When I make them for guns being done in house this is how I do it because that's how all my programming is done for the mills.
Since the bulk of "DIY" guys at home don't have access to this kind of stuff I altered my retail ones to where you just spot face the pillar hole with a spade bit or drill.
Performance wise it makes no difference. Seriously. These things have evolved over time and they started out with square heads. I left them that way cause I'm too lazy to go back and change all my programming. That's the only reason.
EDIT: I read your post again and I think I may have misunderstood you. The pillars don't key in the action at all. No, no, no doesn't work that way. The pillars have a single line point of contact with the receiver. This "stand off" is .050" to allow for a pad of bedding to go between the action and the base of the pillar. The raised "rib" is contoured to the action and prevents screws from crushing the stock while also providing actual bedding material contact. I feel this is much better as you get more of a 1:1 point of contact this way. The epoxy is going to mirror image whatever it contacts. If it were keyed it would act as a recoil lug and that is a big NO NO. Especially with repeaters using a floor detach magazine or hinged floor plate.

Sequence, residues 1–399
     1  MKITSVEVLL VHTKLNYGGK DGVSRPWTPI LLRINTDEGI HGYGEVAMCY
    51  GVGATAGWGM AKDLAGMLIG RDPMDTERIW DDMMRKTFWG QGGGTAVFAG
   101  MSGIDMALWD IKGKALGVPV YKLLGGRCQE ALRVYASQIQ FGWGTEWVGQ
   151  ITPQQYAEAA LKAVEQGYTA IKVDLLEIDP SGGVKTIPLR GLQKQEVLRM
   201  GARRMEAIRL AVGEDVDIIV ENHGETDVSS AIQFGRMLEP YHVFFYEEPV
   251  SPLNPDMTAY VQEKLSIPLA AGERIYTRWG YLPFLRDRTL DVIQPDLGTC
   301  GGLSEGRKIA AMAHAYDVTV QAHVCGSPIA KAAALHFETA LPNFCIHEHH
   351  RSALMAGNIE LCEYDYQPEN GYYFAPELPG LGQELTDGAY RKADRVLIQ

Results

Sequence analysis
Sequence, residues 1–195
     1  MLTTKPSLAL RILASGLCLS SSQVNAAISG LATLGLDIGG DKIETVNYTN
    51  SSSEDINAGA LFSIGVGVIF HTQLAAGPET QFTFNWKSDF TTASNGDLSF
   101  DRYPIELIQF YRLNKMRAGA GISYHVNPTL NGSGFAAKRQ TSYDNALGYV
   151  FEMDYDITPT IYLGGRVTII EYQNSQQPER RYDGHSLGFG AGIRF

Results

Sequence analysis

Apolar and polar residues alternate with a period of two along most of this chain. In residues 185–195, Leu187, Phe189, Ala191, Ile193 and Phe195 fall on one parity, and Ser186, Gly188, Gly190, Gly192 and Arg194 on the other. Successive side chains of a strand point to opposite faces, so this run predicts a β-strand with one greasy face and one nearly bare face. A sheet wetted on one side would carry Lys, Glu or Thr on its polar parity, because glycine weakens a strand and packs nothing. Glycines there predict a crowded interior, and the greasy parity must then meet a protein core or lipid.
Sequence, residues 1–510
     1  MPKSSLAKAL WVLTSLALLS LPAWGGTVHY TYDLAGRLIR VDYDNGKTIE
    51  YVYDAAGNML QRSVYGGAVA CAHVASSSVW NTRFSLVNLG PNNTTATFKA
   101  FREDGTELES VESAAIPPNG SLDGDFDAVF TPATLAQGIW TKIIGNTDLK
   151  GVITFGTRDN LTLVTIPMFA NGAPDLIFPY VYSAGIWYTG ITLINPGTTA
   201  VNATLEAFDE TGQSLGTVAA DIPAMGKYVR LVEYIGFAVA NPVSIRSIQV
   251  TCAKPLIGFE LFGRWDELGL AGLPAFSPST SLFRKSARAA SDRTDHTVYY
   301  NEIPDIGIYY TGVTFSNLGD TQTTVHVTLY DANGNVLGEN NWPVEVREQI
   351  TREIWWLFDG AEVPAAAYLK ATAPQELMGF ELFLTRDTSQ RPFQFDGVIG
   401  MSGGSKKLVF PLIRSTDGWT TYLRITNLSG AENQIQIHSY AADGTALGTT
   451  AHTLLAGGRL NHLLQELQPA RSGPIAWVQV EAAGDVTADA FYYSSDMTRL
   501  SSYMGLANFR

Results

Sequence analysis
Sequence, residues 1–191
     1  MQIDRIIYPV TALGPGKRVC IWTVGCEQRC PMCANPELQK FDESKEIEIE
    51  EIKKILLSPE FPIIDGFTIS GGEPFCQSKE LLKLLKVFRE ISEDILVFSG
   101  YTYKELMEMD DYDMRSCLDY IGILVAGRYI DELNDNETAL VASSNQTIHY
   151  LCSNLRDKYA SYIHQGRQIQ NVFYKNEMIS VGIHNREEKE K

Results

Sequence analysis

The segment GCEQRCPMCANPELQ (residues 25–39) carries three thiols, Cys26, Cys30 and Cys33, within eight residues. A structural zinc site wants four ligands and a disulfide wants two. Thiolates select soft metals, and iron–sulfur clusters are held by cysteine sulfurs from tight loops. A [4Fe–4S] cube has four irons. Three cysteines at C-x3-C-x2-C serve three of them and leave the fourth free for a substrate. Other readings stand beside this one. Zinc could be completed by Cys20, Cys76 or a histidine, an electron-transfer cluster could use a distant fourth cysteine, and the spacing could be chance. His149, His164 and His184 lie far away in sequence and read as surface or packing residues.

The whole idea behind this was to get away from pillars that end up with a skim layer of bedding that always flakes off later. It also acts as another mechanical lock to ensure the pillar never moves or comes loose. The real feature with the swelled head is that it controls the seating depth of the action. If done correctly it puts the receiver on the exact "waterline" of the stock's top edge. This means the barreled action is half in/half out and level with the stock.
Hope this helped.